This page contains the definitions of technical terms and concepts as they are used in the scope of Sarus and throughout its documentation.


A Linux process isolated from the rest of the system through Linux namespaces and, potentially, other technologies like cgroups, SELinux or AppArmor.

Its filesystem and execution context primarily come from a container image.

A container can be thought as the runtime instantiation of a container image.

container engine

A software that interacts with users, imports container images, and, from the point of view of the users, runs containers.

When it comes to container execution, engines are generally tasked with preparing the mount point and metadata for the container, combining the contents of the image with additional instructions provided by user input or by system administrator settings.

Under the hood, many engines delegate actual container creation and running to a container runtime.

Sarus is technically defined as a container engine.

container image

A standalone, portable, self-sufficient unit of software which provides filesystem content and metadata for the creation of a container.

container runtime

A program that interacts at low level with the kernel to create, start or modify containers.

The container runtime usually consumes the mount point and metadata provided by a container engine. For testing purposes, a runtime can also be used directly, with individually crafted filesystem and metadata for a container.

Sarus uses runc as its default container runtime.


An immutable identifier which uniquely points to a specific version of an image within a repository.

As defined by the OCI Image Specification, digests take the form of a string using the <algorithm>:<encoded> pattern. The algorithm portion indicates the cryptographic algorithm used for the digest, while the encoded portion represents the result of the hash function.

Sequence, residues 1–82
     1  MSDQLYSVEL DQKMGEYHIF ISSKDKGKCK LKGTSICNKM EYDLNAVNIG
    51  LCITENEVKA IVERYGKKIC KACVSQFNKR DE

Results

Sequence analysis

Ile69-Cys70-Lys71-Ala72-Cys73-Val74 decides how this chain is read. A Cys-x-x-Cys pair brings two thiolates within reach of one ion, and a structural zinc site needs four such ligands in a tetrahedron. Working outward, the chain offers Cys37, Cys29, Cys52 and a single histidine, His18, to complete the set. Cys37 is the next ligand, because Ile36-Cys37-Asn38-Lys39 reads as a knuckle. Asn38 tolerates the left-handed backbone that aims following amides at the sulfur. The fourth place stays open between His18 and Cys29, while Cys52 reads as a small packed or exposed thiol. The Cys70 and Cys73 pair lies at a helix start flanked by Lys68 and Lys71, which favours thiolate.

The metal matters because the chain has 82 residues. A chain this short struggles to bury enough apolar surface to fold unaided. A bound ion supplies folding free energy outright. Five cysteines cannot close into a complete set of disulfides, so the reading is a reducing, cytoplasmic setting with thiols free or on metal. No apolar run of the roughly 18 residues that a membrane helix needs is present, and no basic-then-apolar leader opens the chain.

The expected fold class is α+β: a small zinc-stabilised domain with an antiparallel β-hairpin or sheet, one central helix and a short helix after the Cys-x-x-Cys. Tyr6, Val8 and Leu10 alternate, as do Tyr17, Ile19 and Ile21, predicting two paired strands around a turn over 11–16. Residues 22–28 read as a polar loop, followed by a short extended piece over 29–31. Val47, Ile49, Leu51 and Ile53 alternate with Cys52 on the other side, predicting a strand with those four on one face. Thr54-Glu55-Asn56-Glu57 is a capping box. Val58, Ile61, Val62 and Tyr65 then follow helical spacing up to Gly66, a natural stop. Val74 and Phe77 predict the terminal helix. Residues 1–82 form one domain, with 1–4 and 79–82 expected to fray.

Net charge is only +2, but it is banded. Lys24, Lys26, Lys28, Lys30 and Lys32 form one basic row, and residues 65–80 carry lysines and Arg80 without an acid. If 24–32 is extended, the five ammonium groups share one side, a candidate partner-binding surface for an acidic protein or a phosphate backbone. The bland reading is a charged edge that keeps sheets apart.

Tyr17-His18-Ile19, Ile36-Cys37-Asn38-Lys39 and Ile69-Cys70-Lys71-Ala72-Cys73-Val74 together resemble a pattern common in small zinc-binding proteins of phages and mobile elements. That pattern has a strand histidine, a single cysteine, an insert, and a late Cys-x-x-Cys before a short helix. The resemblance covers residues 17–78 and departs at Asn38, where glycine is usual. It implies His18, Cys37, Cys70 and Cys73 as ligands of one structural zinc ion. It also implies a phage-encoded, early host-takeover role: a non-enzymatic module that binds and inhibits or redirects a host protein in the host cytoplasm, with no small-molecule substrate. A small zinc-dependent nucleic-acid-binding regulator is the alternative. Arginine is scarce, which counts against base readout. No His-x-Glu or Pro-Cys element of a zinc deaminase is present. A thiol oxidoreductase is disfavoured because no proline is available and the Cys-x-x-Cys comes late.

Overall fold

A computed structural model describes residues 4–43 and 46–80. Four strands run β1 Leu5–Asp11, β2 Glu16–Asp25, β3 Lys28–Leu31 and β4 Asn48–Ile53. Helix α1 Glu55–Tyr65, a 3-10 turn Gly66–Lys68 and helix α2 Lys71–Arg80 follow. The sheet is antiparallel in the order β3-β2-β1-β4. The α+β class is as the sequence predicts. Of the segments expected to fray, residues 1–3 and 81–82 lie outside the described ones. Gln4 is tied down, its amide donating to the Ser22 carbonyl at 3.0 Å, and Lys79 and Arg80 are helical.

In an OCI image, every element is identified by a digest. The digest of the image manifest is considered as the digest of the image itself, and therefore also referred to as “image digest”.

In the scope of Sarus, the “image digest” is the digest of the image as stored in the registry where it was pulled from. This is meant to help users relate local and remote images.

image manifest

In a Docker or OCI image, the manifest is a JSON file listing the elements which compose the container image, that is the filesystem layers and image configuration file.

A manifest describes a single image for a specific architecture and operating system.

For the formal definition of the OCI Image Manifest, please refer to this page.

image reference

A string referencing a container image within a registry or repository. An image reference takes the following form:


The server component represents the location of the registry to which the image belongs. This component is similar to a URL, but does not contain a protocol specifier; it can specify a port number, separated by a colon (for example When a server component is not specified in the command line, Sarus defaults to (Docker Hub).